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| 2 minutes read

Five Ways the Corporate Transparency Act Will Change the Way We Do Business

The Corporate Transparency Act, adopted by Congress in late 2020, is going to dramatically change the way we do business. After it is implemented (expected to occur by the end of this year) most U.S. companies that are not exempt will need to file a beneficial ownership report with FinCEN - the U.S. Treasury Department's Financial Crime Enforcement Network.

The beneficial ownership report will need to identify each beneficial owner with a 25% stake or more, along with each other person "in substantial control" of the company.  For each person identified, the report will need to provide the person's name, address and contact details, and a unique identifying number (which might be a social security number, passport number, or a unique ID number generated by FinCEN itself).

Lawyers have not yet begun to change their practices to reflect this new reality.  Here are some key ways that the new law will change the way we do business:

1. No More Anonymity

The whole purpose of the new law is to build a database of private companies and their owners.  Until now, corporations, LLCs and partnerships didn't have to identify their owners in their state organizational documents.  Under the new law, however, private companies will need to supplement the FinCEN database with their owners' identifying information at the time of formation and within one year after any material change in ownership.

2. Confidentiality Takes on New Meaning

In most start-ups, investors agree to keep the new company's proprietary information confidential.  In the new world created by the CTA, however, the company itself will be obligated to keep confidential the SSN and other personally-identifiable information of its investors.  Investors will need to indemnify each other if they fail to provide updated personal information in time for the company to update its FinCEN report.  Start-ups will need to find new ways to collect personally-identifiable information from their investors for FinCEN report purposes. 

3.  M&A Due Diligence Digs Deeper

M&A due diligence involving companies that are obligated to file FinCEN reports will need to add checklist items relating to the reports.  Potential buyers will want to know that a target company has duly fulfilled its filing obligations and has kept its filings current.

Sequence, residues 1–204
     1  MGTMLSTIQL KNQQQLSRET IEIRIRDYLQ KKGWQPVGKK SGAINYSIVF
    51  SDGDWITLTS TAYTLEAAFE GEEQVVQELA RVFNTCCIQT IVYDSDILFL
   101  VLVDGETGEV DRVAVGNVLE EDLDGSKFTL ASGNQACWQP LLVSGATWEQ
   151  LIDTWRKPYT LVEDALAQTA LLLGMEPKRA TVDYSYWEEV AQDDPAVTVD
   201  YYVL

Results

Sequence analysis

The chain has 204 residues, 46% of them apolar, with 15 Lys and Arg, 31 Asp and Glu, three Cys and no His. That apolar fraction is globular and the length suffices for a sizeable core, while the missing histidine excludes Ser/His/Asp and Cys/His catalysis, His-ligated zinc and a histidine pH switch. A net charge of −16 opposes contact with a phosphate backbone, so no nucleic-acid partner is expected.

4. Closing Binders Will Get Thicker

In many real estate deals, a single property acquisition and development might involve three or more LLCs, with each one representing a different group of investors with a slightly different interest in the deal.  (For example, the landowner might have an LLC, the developer might have a separate LLC, mezzanine investors another, and so one.)  There those LLCs cascade down the organizational chart, like bulbs on a Christmas tree, each level of organization is going to have its own FinCEN reporting obligations.  Deal lawyers will need to plan to collect the SSNs, EINs and other details need to make sure that all of these newly-formed entities file their beneficial ownership reports on time. 

5.  Timely Reporting Changes in Ownership

Each company that files a beneficial ownership report is obligated to file an updated report within one year of any material change.  In the past, it was not uncommon for deal participants to swap equity or assign equity to affiliates over time, sometimes to accommodate estate planning needs. 

Companies will either need to implement procedures to become aware of change on a timely basis, or else adopt an annual report procedure that compels beneficial owners to update their information and certify its accuracy to the company.  It will no longer be possible for companies to way until their is a strategic exit before refreshing their ownership tables. 

The U.S. government uses AML to identify parties involved in money transfers. Before the CTA it was possible to form a corporation, partnership or limited liability company without publicly disclosing the owners of that legal entity. The CTA will end that practice and will compel the beneficial owners of most businesses to disclose their ownership by filing a report with FinCEN, the Financial Crime Enforcement Network, an agency of the U.S. Treasury Department.


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